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kids with disability

Heather Avis said she "could count on one hand" the amount of times her daughter Macy had received party invitations.

Macy Avis, a 9th-grader with Down Syndrome, had a reaction to receiving a birthday party invite that was so pure and joyous that it quickly went viral on Instagram.

Heather Avis, Macy’s mom, wrote in the video’s caption that she could “count on one hand the amount of birthday parties” that Macy had been invited to throughout her childhood.

Understandably, when a friend from Macy’s life skills program handed her an invitation, her joy was “palpable.”

“To me it spoke of a longing fulfilled. All I could do was laugh with her and then cry as I celebrated with her,” Avis wrote.

In the video, we hear the proud mom say, “You got invited to a birthday party?” followed by absolute squeals of delight from Macy.


Macy and her mom weren’t the only ones feeling celebratory. So many viewers chimed in to share their own joy at the news, and offer some encouragement.

“Thank you for sharing this wonderful moment with us! I got goosebumps listening to the glee in Macy’s voice. I am so incredibly happy for her and can’t wait to hear all about the amazing time she’s bound to have!” one person wrote.

Another declared, “This is the best thing on the whole internet."

The birthday party invite is the result of Avis’s “fight” to find inclusive spaces for her daughter, a journey she noted has “only just begun” in a pinned Instagram post.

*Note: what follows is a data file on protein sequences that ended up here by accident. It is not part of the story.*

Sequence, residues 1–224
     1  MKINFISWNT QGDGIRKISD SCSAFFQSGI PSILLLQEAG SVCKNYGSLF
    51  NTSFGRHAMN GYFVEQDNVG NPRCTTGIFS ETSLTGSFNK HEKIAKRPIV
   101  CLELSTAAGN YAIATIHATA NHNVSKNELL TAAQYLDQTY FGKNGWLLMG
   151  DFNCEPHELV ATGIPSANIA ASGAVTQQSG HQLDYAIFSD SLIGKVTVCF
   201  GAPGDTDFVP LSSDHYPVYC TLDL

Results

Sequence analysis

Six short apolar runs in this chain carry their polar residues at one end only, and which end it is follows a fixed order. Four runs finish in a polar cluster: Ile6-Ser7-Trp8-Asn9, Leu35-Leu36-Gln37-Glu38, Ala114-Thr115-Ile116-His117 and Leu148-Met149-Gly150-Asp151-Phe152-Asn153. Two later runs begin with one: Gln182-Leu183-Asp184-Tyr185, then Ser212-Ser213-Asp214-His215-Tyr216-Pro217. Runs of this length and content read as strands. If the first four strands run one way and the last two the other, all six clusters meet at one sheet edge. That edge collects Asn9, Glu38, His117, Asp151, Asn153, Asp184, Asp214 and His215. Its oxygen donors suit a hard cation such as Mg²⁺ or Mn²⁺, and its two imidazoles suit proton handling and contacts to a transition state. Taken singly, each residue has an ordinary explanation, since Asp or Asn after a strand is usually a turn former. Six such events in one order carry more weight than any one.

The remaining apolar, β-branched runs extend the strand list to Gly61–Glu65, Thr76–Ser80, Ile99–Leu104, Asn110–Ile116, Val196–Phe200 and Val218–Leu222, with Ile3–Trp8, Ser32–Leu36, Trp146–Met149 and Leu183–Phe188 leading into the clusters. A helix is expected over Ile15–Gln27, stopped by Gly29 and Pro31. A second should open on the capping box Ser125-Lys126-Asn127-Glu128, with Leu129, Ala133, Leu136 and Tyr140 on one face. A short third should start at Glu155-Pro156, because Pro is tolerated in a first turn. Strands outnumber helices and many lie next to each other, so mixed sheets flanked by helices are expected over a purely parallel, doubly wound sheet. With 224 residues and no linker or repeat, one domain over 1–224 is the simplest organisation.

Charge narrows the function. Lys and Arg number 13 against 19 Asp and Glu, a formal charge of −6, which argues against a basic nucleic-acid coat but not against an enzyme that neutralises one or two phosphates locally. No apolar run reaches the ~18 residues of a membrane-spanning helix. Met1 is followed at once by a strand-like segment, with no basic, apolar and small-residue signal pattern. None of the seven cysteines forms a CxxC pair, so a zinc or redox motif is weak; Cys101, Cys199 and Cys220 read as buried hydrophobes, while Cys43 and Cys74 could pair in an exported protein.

Avis explained up until recently how Macy was in general education, where they had experienced some “amazing inclusive classrooms,” but still overall “felt a longing for belonging.” This led Macy to joining a life skills program with other disabled students, where she has been able to nurture a solid community—complete with birthday invitations.

As for how that party went, this follow-up video speaks for itself:

Along with celebrating Macy’s victory, Avis used the moment to note that “the party was inclusive not because a student in the general education program invited Macy, but because a person with an intellectual disability invited both disabled and non-disabled individuals. It was inclusive because people like Macy and the young man we were celebrating, who are often excluded, truly understand how to include others. Let’s reflect on that for a moment!”

While it’s important that students with Down Syndrome are placed in environments with the resources they need, not including them into the general community doesn’t help break through the stigma they regularly face—including being treated as children even when they are adults, or assuming they are entirely dependent. This was an issue recently tackled in the “Assume I Can” ad starring Madison Tevlin.

Moreover, Avis added that prioritizing diversity and inclusion offers the “beautiful gift” of “recognizing our shared humanity” among those who might at first seem different from us. That’s why she continues advocating for both her daughter and the Down Syndrome community through her The Lucky Few Foundation and podcast.